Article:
By Andrew Warshaw
October 31 – The murky business of World Cup bidding has been thrust back into the spotlight by leaked emails which claim to offer a blueprint of how Russia could bribe FIFA’s most senior officials to vote for them to stage the 2018 tournament.
Russia has long maintained that at the time of the Garcia inquiry into the voting process for 2018 and 2022 World Cups its computers were destroyed. But the investigative news website The Insider has now re-opened the entire issue almost 18 months after the country staged a hugely successful World Cup.
Hacked emails have now surfaced which purportedly came from the account of Sergei Kapkov, a former Russian politician and head of the country’s National Academy of Football Fund.
The emails are reported to contain dossiers with instructions on how to bribe every member of the then FIFA executive committee including Franz Beckenbauer and Michel Platini. According to screenshots published by The Insider, they claim a Russian organising committee executive sent the dossier to three officials – including Kapkov.
“Beckenbauer’s adviser Fedor Radmann offers his vote for a generous reward for consultation services,” the dossier is reported to read.
Another attachment apparently names €3 million as Radmann’s consultation fee and €1.5 million more for Russia’s winning bid while the file on Platini, who has just completed a four-year unrelated FIFA ban, is said to provide various options on how to influence the former UEFA president and would-be head of FIFA.
The files also include a raft of others FIFA bigwigs, most of whom have since either retired, been voted out of office, brought down by the subsequent FifaGate scandal or died. They include one-time Argentinian FIFA vice-president Julio Grondona, former African football chief Issa Hayatou, Jack Warner – football’s most wanted man who is fighting extradition from Trinidad to the United States on corruption charges – and the late Chuck Blazer, the disgraced whistleblower in the FifaGate scandal who was first to confess to taking millions in bribes.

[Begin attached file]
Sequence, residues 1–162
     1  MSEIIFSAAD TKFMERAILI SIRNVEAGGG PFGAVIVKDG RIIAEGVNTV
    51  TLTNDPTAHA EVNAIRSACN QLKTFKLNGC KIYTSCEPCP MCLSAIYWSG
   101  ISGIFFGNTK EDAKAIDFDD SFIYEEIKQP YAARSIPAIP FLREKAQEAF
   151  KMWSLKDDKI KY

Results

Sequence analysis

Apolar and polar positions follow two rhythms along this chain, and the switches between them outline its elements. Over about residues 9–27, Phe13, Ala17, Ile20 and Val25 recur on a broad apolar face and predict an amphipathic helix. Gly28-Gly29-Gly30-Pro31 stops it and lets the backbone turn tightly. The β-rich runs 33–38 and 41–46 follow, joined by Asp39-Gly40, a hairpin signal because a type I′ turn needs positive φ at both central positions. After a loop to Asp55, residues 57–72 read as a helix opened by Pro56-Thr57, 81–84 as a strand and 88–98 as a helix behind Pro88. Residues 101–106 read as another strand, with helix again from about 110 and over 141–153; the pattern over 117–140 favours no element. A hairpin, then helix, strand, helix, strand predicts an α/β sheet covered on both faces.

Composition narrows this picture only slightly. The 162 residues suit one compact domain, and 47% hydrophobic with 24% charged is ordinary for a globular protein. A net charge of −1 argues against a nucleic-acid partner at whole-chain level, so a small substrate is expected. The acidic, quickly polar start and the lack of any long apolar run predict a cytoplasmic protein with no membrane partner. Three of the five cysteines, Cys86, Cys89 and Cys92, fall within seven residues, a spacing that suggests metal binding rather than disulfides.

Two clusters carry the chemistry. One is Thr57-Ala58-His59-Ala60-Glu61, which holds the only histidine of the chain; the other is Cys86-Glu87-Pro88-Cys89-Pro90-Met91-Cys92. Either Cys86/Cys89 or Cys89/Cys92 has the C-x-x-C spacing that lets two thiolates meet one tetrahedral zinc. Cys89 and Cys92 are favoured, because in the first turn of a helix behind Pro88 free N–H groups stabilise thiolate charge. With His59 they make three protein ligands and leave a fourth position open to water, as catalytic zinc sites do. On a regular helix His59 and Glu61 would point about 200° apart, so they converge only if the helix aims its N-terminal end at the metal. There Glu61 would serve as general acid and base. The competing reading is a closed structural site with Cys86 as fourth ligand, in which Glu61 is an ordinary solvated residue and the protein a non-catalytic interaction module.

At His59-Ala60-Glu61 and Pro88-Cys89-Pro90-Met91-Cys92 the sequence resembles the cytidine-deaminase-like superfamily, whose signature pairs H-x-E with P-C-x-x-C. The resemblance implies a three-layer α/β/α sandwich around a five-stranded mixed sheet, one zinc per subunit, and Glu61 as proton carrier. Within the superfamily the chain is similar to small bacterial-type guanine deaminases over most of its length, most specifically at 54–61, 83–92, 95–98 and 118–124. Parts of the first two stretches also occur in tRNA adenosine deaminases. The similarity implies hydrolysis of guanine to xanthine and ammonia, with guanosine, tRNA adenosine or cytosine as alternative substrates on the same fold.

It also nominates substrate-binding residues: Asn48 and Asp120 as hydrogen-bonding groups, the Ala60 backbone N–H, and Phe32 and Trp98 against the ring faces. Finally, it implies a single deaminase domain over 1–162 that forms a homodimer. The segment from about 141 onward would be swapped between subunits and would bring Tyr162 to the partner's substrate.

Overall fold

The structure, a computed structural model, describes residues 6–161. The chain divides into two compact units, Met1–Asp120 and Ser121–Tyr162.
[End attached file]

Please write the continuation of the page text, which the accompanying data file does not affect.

Warner, the leaked emails are said to allege, would “vote for whoever offered the most”.
There is no evidence in the documents, dated March, 2010 – nine months before the vote took place – that any bribes actually took place but the revelations will heap even more suspicion on the entire bid process.
Beckenbauer, under investigation for alleged wrongdoing over Germany’s successful 2006 World Cup bid, has not apparently responded to the claims but Radmann’s lawyer is quoted as saying the allegations are “inaccurate, and Mr Radmann clearly rejects this”.
Alexei Sorokin, the public face of Russia’s 2018 organizing committee who has always insisted the bid was entirely clean, dismissed the report as fake.
“To me, all of this looks fabricated from start to finish,” Sorokin, a FIFA Council member, told the RBC news website. “Why should a bidding committee employee write anything to [then-lawmaker Sergei] Kapkov? Kapkov took no part in the bidding activity.
“All our ‘pressure’ was [exerted] in open contacts and we have repeatedly answered all sorts of questions on this matter, including during the official investigation.”
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